If you are buying a car or two-wheeler now, you will need to buy long-term insurance compulsorily. After the recommendations of a Supreme Court panel, the Insurance Regulatory and Development Authority of India (Irdai) had directed insurers to offer three- and five-year third party liability covers for new cars and bikes, respectively. While most insurance companies are still in the process of launching products that comply with the new rules, som have already hit the market.
Two- and four-wheeler buyers will now get three options to choose from. They can go for a third-party cover for three years, which will not cover the vehicle if its damaged. If you want to go for own damage, you can choose a bundled product, which has one-year own damage cover and three-year third-party, or can go for a comprehensive cover for three years that covers third-party liability as well as own damage for that period.
Based on the current developments, experts suggest that among the options offered, it’s best to go for the bundled product that has only one-year own damage cover. “Regulations are still evolving around long-term auto insurance.
The regulator, for example, has not yet talked about how the no-claim bonus (NCB) will be passed on to the customers. Most insurance companies are not considering the NCBs for now. Until there’s clarity, the bundled product offering would be a better option,” says Sajja Praveen Chowdary, head – motor insurance, Policybazaar.com. If the individual does not get a no-claim bonus, the longer term comprehensive cover can turn out to be more expensive.
Bundled products make sense: When insurance policies are offered on an annual renewal, the cost of premiums would come down if the individual had no claims during the policy year. Even when a person changes vehicles, he can get an NCB certificate from the insurance company and use the accumulated bonus to bring down the premiums on the new car insurance.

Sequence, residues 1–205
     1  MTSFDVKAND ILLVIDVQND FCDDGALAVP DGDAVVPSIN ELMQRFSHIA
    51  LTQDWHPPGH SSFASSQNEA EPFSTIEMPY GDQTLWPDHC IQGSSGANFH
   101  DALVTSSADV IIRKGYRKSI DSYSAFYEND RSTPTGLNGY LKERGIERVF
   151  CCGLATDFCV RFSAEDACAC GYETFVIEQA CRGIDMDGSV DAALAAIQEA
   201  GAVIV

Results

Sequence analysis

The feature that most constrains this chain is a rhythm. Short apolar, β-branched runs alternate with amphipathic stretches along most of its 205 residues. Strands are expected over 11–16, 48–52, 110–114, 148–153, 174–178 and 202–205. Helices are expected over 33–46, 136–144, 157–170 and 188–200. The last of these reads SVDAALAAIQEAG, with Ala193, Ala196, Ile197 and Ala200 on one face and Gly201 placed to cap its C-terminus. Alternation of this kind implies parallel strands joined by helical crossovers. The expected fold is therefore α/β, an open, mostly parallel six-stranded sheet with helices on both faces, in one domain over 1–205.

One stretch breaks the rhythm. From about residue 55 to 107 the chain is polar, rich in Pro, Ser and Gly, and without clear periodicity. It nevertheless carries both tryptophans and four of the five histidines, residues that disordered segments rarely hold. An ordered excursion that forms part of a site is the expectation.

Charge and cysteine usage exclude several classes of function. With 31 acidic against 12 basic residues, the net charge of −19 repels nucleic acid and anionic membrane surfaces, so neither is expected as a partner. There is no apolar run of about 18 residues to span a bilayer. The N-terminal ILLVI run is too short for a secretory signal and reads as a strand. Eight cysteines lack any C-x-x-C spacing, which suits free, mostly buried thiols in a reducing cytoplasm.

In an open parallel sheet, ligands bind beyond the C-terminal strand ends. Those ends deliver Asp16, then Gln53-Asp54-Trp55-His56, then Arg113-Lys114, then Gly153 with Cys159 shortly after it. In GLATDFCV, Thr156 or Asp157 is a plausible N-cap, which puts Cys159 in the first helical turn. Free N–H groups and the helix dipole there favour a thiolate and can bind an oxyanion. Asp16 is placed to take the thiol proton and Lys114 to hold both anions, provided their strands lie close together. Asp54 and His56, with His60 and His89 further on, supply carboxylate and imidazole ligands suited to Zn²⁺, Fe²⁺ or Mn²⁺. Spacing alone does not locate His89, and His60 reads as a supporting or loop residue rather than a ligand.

Since insurers had limited time to comply with the Irdai
guidelines, some are not considering the NCB from the earlier policy currently. Some others are building it based on their claims experience. “We have taken average claims that we receive in the first three years. Based on this, we have priced the NCB discounts,” says Sanjay Saxena, head – motor insurance underwriting and motor claims, Bajaj Allianz General Insurance.
The NCB that a person gathers in the long-term three-year comprehensive policy will be passed to the customer on renewal depending on the year in which the claim has been made. If the individual has a claim in the first or the second year but no claims in the third, he will be eligible for NCB only for one-year. But if even if there is a claim in the third year, he will miss out on the NCB. While it is a comprehensive policy, the insurers would look at claims in each year. The claim in the third year would mean, he won’t get NCB discount for the fourth year.
Dealers are expensive: Another reason why bundled product makes sense is it gives the individual freedom to choose another insurer from the second year. Chowdary points out that the insurance sold at the dealer is usually expensive. Many times dealers either lure or arm-twist buyers into taking insurance from them by offering discounts on items. “The same policy that you buy from a dealer could be 30-40 per cent cheaper elsewhere,” says Chowdary. If you buy a bundled product with one-year own damage and three-year third-party liability, you will have the option to change insurance company later. Though there are no standalone (policy without third-party) own damage products at present, most insurance experts feel that the regulator is soon going to allow such standalone products. A person would be able to continue the third-party cover purchased when buying the vehicle while he can go for own damage cover from another insurer.
Save on upfront cost: A long tenure comprehensive product will also have a high upfront cost. If you are buying a Maruti Suzuki, for example, one-year own damage with three-year third-party will cost up to Rs 24,349 or 5 per cent of the insurance declared value (IDV). For a comprehensive three-year product, the premiums would be around Rs 50,000 or 11 per cent of the IDV. According to law, banks cannot offer loan for insurance premiums.